Chinese Whispers: Alibaba’s First Fashion Show in China, and More

In “Chinese Whispers,” we share the biggest news stories about the luxury industry in China that haven’t yet made it into the English language.

In this week’s edition, we discuss:

  • Alibaba’s first fashion show in China,
  • Fashion magazine Marie Claire China gets an upgrade, and
  • Moynat CEO on why marketing and advertising isn’t a priority for the brand.

1. Alibaba will host its first fashion show in Hangzhou next month – LadyMax

China’s biggest e-commerce company Alibaba is going to host its first-ever fashion runway show in Hangzhou, China, on September 13, as an integral part of the company’s annual “Maker Festival (造物节).” Twenty emerging young Chinese designers, including Wang Yifang (who has worked with Lady Gaga), and Liu Qingyang (founder of the indie brand Chictopia), will debut their collections during the show. Alibaba will live stream the show on its Taobao app, enabling a “See Now, Buy Now” mode to encourage spending among viewers.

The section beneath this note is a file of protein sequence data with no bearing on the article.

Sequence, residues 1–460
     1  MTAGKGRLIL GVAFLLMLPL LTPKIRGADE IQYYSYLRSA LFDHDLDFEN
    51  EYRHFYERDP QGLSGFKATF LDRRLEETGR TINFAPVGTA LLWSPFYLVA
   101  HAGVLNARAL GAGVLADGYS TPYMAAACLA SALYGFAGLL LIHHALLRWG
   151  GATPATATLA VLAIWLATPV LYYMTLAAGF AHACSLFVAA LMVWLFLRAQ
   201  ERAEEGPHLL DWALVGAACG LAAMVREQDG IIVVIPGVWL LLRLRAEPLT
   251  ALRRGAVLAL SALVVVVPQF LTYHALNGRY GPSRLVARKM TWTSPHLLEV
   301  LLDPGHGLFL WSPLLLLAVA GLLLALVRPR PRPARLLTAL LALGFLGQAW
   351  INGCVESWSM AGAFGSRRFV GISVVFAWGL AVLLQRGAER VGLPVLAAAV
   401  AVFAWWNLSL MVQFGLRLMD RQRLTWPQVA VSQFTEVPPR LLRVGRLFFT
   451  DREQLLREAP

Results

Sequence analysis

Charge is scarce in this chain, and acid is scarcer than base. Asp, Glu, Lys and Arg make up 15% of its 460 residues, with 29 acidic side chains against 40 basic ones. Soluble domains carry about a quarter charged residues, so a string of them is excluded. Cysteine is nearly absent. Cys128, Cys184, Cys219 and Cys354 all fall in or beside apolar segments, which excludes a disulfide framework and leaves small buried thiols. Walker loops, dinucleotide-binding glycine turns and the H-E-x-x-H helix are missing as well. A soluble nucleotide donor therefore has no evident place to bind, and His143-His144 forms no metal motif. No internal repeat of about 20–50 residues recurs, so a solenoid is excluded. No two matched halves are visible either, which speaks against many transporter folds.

2. New editorial team revamps Marie Claire China, eyeing new era for growth – Marie Claire China

Fashion magazine Marie Claire China has upgraded its content offering to cater to a fast-evolving millennial audience. The magazine just had a viral online campaign, where it featured eight senior fashion influencers to introduce the September issue. To celebrate the revamp of Marie Claire China, the magazine invited Chinese artist Xu Bing and designer Jean Paul Gaultier to design the September cover.

Photo: VCG

Photo: VCG

3. Moynat CEO on why the 169-year-old luxury brand hardly needs marketing –

The Parisien luxury brand Moynat uses much less marketing and advertising for the Chinese market compared to many of its luxury counterparts. In a recent exclusive interview with Chinese fashion publication, Guillaume Davin, the CEO of Moynat, explained why the brand does not need a concrete marketing strategy in China.

“Moynat has its own development path, so it does not need too much marketing and promotion to gain a loyal clientele, ” Davin said, “what we do most is educate consumers, but not ‘market’ to them.”